Does tea make you thirsty? Or is it a good way to stay hydrated? Two Rivers finds out the truth.

It wasn’t so long ago that any article about hydration would recommend you cut down on tea and coffee. The accepted wisdom was that the caffeine in these beverages had a diuretic effect (cause you to urinate more) and were therefore dehydrating.

Not only is that not true for most tea drinkers, the issue of hydration is quite a complex one that relies heavily on the individual, including your body shape as well as the health of your renal system.

The initial study that linked caffeine to the diuretic effect was conducted under a couple of conditions that you wouldn’t consider normal consumption. Firstly, the scientists gave the test subjects a beverage of water and pure caffeine instead of tea or coffee like you or I would drink, which means the other nutrients in tea that would offset any effect were not present.

Secondly, the test subjects abstained from tea and coffee for several days prior to the test. Subsequent tests on regular tea drinkers show caffeine has a diminished effect when the drinker has built a tolerance. Regularly drinking tea makes you less susceptible to the diuretic effect, if it ever did affect you that way.

It turns out caffeine is a mild diuretic in some people—but it’s coffee that’s the culprit. For regular tea drinkers, tea has a hydrating effect equivalent to water according to a study that compared people who drank nothing but tea for the 12-hour trial with those who drank an equivalent amount of boiled water. There was no difference in hydration levels between them.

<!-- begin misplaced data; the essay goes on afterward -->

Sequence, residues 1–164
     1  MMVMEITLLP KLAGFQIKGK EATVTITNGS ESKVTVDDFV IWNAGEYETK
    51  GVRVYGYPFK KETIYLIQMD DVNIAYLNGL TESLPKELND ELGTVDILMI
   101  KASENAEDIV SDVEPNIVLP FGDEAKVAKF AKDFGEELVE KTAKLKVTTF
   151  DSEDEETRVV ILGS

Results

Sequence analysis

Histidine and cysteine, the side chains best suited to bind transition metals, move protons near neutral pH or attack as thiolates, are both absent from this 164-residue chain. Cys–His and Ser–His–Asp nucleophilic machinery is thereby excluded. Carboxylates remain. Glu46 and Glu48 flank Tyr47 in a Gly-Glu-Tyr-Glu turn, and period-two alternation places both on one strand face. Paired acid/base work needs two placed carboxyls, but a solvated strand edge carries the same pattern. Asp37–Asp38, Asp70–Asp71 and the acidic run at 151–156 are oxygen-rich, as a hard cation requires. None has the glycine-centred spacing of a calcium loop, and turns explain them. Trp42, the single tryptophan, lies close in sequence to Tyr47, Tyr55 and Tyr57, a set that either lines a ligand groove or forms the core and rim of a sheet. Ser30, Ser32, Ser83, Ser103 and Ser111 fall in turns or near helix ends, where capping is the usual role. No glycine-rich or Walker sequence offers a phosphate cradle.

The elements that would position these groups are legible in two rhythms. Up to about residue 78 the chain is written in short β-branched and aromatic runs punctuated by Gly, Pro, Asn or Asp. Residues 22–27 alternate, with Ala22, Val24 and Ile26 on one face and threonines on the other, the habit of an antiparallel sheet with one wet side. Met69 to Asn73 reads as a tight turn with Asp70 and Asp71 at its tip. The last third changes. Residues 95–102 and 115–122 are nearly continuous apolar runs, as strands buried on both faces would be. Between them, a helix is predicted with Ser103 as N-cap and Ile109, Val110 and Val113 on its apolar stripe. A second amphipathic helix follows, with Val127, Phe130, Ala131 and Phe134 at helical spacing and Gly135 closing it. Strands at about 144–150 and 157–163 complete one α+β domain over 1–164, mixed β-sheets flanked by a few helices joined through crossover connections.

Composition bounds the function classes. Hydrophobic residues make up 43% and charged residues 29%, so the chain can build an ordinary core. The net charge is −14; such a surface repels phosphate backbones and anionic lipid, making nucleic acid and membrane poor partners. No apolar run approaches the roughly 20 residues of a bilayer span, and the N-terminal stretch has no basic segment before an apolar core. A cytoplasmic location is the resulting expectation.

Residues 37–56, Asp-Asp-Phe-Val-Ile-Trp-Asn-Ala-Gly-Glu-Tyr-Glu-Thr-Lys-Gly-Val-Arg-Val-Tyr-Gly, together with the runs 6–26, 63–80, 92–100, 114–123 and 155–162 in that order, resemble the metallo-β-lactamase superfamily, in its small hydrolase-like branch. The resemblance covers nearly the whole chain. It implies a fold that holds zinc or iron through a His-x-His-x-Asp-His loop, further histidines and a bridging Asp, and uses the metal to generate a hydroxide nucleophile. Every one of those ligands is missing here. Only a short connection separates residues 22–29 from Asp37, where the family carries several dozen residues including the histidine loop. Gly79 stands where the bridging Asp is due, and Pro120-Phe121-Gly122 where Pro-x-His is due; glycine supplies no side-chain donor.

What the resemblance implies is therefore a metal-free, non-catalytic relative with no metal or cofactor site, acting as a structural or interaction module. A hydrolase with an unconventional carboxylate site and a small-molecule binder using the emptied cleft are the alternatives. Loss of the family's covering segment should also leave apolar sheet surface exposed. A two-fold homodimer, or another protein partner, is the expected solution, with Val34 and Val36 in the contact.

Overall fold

[http://www.ncbi.nlm.nih.gov/pubmed/21450118]

Tea’s advantage over water
Tea does have a few advantages over water as a source of hydration, however.

1. It tastes good
If it tastes good, we drink it. Some people don’t like water because of the taste; tea can help make water palatable. If people find tea easier to drink than water, they will drink more of it and stay hydrated.

2. It has additional nutrients
In addition to providing you with water for hydration, tea has a whole lot of other nutrients such as antioxidants and polyphenols that boost immunity and help you maintain physical and mental health.

3. It increases your intake of warm water
We don’t often drink warm water, but we will often drink hot tea. Warm water has a stimulating effect on your body, reducing congestion and aiding digestion, but many people find it hard to drink water at a higher temperature—but what about hot tea?

When it’s cold, such as in the early morning, at night and during the cooler months, we don’t get thirsty as often as when it’s hot, so the triggers for rehydrating aren’t as frequent. Because it’s easy to drink tea even when you’re not thirsty, for warmth and time out, this can help you stay hydrated.

Read more:
http://www.abc.net.au/health/talkinghealth/factbuster/stories/2014/02/27/3951831.htm
http://www.bbc.com/future/story/20140402-are-coffee-and-tea-dehydrating
http://www.researchgate.net/publication/228474317_Hydration_and_health_promotion

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